We’ve tested all four cars in various guises in the past, and those articles are all available online at CARmag.co.za, so here we’ll focus on their drivetrains, how their setups translate into easing the stresses of commuting, what you get for your money and finally whether they are the cut-price alternatives to larger vehicles they promise to be.

UNDER THE SKIN
The Mazda’s 1,5-litre SkyActiv engine offers the most power here (82 kW) and the second highest torque (145 N.m), yet the vehicle weighs the least
(1 044 kg, or a whole 106 kg less than the portliest, the Fiesta). Considering it has a close-ratio six-speed automatic transmission that puts the peaky engine right in the thick of its torque peak, it’s no surprise the Mazda sprinted to 100 km/h in just 10,31 seconds. It’s also the fastest in-gear, needing just 4,57 seconds to race from 40 to 80 km/h and 7,83 seconds from 80 to 120.

Hot on its heels was the Fiesta. Although the vehicle’s mass played a role in curbing ultimate acceleration, the turbocharged Ecoboost engine’s 170 N.m of torque delivered from a mere 1 400 r/min, aligned with the smooth-shifting dual-clutch, allowed it to reach 100 km/h in 11,52 seconds. In the aforementioned overtaking-acceleration sectors, the Fiesta required 5,06 and 9,16 seconds.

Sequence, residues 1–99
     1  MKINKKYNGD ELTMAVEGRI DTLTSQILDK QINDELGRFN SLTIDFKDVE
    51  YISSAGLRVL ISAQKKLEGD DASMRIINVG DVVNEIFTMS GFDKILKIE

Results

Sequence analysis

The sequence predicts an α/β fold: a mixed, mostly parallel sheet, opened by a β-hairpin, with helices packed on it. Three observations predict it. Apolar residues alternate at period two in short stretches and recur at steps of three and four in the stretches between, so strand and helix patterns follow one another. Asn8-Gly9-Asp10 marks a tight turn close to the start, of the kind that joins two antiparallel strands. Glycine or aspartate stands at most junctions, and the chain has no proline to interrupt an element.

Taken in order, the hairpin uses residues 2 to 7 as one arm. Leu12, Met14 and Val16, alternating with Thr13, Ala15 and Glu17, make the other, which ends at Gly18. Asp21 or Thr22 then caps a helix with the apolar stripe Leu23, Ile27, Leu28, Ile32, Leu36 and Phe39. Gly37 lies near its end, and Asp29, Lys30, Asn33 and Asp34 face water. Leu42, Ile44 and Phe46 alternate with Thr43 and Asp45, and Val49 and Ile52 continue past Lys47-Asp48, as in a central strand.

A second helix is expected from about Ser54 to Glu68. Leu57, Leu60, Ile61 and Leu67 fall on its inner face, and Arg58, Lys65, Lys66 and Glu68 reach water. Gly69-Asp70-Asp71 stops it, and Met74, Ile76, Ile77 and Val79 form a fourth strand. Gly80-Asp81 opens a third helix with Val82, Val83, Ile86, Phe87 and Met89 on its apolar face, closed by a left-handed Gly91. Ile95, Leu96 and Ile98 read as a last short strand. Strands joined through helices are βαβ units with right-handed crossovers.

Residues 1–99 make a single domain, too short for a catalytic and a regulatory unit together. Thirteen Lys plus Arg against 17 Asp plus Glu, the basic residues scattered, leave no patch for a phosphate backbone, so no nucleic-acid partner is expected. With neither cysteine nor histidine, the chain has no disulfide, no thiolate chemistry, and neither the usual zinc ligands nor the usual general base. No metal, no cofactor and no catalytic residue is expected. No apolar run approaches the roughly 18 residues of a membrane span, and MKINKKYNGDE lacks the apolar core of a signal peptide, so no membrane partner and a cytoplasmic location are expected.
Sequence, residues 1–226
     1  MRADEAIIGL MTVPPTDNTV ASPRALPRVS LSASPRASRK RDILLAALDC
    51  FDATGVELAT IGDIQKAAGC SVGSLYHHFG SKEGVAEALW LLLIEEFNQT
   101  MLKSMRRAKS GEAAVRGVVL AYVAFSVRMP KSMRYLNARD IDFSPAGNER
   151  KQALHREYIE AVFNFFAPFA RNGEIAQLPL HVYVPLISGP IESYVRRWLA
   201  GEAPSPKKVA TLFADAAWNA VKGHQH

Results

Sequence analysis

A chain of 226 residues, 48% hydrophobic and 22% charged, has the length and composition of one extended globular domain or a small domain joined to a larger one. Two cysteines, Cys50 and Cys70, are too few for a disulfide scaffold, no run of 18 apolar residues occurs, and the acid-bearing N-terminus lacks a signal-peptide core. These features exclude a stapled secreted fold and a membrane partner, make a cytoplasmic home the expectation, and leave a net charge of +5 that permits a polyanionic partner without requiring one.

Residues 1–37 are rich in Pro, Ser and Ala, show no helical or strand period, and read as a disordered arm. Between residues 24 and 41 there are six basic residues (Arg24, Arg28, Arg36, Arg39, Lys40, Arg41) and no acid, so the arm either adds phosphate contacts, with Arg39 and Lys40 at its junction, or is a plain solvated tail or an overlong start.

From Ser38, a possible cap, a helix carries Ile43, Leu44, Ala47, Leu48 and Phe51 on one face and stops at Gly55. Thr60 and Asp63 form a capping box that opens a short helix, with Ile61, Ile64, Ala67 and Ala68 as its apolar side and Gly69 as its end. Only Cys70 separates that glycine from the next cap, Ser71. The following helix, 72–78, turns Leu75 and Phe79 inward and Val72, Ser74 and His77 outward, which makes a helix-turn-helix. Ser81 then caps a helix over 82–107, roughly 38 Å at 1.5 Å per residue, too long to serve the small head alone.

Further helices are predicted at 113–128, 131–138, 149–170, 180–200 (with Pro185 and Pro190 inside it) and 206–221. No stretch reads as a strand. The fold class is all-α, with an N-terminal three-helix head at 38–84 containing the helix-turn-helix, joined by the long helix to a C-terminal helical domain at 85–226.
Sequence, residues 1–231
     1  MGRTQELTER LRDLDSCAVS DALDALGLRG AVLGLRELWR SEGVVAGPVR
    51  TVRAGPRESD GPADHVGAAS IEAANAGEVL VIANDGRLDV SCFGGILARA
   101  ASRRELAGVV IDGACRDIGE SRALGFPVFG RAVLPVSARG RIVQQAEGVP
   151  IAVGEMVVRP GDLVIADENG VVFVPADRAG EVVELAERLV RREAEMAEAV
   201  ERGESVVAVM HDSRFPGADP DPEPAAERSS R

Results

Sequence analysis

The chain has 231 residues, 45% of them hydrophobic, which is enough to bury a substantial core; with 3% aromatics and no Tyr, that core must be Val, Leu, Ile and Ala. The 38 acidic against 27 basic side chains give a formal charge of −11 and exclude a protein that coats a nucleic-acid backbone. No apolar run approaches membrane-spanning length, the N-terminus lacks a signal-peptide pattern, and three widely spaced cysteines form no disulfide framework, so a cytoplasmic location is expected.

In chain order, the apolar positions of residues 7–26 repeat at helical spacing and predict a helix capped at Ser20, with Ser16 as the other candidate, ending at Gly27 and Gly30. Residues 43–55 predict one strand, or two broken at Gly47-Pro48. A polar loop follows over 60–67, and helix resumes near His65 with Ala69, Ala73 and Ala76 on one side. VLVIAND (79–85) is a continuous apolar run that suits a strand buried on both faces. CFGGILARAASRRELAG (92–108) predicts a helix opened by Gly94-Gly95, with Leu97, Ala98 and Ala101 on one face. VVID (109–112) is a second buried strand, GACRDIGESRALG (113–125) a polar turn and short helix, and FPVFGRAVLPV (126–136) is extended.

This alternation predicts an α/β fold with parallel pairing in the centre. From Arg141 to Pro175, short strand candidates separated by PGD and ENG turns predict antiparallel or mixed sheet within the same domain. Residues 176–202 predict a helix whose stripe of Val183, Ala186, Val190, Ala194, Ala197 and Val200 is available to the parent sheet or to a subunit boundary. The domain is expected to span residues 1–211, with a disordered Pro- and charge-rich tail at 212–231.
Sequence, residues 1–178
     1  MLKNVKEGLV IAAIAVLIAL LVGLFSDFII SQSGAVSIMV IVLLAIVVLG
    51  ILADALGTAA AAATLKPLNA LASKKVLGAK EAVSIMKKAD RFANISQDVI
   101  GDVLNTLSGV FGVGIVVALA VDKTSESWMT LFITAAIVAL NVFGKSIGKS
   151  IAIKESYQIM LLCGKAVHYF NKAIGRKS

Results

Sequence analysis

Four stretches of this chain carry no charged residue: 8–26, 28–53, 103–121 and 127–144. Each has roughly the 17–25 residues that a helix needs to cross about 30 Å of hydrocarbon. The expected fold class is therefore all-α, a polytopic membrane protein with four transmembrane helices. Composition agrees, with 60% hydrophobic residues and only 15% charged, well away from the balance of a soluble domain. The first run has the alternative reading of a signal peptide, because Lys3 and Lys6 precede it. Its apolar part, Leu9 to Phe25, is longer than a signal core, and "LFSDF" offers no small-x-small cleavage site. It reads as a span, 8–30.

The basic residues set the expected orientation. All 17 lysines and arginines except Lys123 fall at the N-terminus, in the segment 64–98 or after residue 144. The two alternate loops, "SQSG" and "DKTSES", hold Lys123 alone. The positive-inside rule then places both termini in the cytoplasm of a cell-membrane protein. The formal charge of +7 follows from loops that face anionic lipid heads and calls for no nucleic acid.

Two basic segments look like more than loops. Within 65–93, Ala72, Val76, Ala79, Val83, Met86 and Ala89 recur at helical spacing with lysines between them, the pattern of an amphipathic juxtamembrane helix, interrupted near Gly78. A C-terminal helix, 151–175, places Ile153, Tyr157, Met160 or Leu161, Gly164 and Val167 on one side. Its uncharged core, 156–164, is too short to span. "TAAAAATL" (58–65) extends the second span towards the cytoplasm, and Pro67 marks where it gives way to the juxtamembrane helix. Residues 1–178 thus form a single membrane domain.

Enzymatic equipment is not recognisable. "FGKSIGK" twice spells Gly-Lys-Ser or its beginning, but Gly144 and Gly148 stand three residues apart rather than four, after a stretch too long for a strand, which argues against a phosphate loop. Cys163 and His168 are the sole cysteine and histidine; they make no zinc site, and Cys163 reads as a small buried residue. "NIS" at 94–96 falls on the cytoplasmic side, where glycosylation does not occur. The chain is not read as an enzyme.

The Yaris was third fastest, as it reached three figures in 12,13 seconds and took 5,16 seconds to hit 80 km/h from 40. It just bested the Ford from 80 to 120 km/h by 0,29 seconds. The CVT puts the Toyota’s engine right where it delivers it peak power – near 6 000 r/min – which predictably makes for noisy progress until the transmission decides to drop the revs.

Bringing up the rear is the i20. It delivers its maximum torque at a decent 3 500 r/min, but its 1,4-litre engine is hobbled by the four-speed auto that offers ponderous shifts and a reluctance to select a lower gear when additional momentum is needed. The i20’s acceleration times? A sluggish 13,08, 6,08 and 12,38 seconds, respectively. At least the engine remains refined throughout the speed range.

ON THE MOVE
The Hyundai’s sub-par showing on our performance test strip has less relevance in cut-and-thrust motoring, where the four-speed feels less compromised, the engine hums in the background, the ride is pliant and the cabin hushed. Adding to what must surely be the most refined cockpit in this class are comfy, supportive seats (with the most shoulder- and headroom front and rear of all four rivals) and light, feel-free steering. The Hyundai also has the largest boot with the rear seats in their place, but its loading lip is the highest at 740 mm. Lastly, it’s fuel efficiency is below average, a drawback with this engine we’ve also noted on our manual i20 long-termer .